Modal analysis results of the structure in Fig. 1a.

Analysis of the structure in Fig. 1b with HFSS.

Microstrip-SIW transition.

Microstrip power divider with detour line.

Figure 1a, shows the configuration with infinite length and filled
rectangular waveguide used for the modal analysis in the space domain (Liu
and Jackson, 2011). This analysis searches for the complex propagation
wavenumber

Stepwise increasing of the attenuation constant at ordinary end-fire.

This can be recognized by the behaviour of

This is due to the fact, that the leaky mode becomes unphysical beyond
end-fire and the proper waveguide mode becomes dominant with a low
attenuation only due to dielectric and metallic losses, thus

This can also be observed in Fig. 2b, where the red curve shows only
a small increase somewhat before

Obviously the leaky-wave is transformed into the surface-wave over the
aperture length in such a way that the attenuation constant for the
leaky-wave derived from the modal analysis is still valid for the radiating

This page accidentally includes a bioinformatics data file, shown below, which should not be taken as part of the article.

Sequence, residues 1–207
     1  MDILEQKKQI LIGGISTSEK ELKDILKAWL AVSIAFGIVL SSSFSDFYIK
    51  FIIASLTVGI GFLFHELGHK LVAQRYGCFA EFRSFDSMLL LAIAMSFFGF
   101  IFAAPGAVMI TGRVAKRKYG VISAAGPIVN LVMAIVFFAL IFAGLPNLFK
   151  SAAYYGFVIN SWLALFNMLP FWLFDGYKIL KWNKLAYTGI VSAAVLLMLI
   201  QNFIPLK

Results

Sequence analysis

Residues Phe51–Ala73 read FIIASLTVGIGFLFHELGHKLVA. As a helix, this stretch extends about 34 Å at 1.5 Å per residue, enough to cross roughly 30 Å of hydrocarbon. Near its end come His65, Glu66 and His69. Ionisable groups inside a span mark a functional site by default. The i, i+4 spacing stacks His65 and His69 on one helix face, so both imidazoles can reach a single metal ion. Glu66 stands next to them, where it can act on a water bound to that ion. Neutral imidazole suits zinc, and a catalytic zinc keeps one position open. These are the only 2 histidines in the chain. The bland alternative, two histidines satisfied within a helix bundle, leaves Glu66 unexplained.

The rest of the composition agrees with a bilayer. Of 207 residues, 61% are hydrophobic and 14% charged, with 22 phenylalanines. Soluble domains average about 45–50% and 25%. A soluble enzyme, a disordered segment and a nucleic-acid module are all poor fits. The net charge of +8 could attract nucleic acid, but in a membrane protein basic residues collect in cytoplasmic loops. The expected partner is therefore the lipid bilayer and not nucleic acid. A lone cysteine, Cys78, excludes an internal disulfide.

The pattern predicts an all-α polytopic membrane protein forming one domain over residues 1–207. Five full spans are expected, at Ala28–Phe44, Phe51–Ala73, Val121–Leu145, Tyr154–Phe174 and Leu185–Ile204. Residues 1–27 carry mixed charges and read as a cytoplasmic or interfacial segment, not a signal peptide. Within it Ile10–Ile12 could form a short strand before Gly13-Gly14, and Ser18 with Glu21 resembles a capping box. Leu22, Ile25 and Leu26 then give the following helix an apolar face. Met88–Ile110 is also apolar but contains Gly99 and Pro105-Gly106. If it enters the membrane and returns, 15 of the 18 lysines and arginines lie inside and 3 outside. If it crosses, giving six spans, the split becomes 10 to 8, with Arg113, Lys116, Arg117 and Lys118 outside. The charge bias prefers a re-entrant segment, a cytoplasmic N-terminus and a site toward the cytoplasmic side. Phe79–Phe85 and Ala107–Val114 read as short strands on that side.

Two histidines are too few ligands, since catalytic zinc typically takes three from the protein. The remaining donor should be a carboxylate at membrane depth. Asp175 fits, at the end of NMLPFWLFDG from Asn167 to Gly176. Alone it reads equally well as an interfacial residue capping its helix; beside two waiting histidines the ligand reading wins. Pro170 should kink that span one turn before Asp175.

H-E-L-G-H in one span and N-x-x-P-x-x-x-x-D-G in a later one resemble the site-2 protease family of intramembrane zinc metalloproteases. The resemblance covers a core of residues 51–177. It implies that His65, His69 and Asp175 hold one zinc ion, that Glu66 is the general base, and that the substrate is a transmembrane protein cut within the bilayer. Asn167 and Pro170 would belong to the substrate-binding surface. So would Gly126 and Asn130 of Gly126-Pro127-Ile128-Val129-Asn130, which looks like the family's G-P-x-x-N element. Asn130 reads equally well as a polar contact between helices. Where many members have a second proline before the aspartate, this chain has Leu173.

mechanism of both leaky and surface-wave mode up to the frequency of
ordinary end-fire. Since the excitation of the surface wave drops down
beyond the ordinary end-fire frequency, the efficiency of 86 % at the
modified Hansen-Woodyard condition for gain maximization as proposed in
O'Connor and Jackson (2010) cannot be reached. Therefore we
propose as follows a gain improvement at the ordinary end-fire frequency by
a procedure of step-wise increasing the attenuation constant to maximize the
efficiency derived by

The attenuation constant can be increased by enlarging the slot length
and/or the slot width and/or decreasing the slot periodicity. But with fixed
width of the waveguide, also the values of

In Table 1, the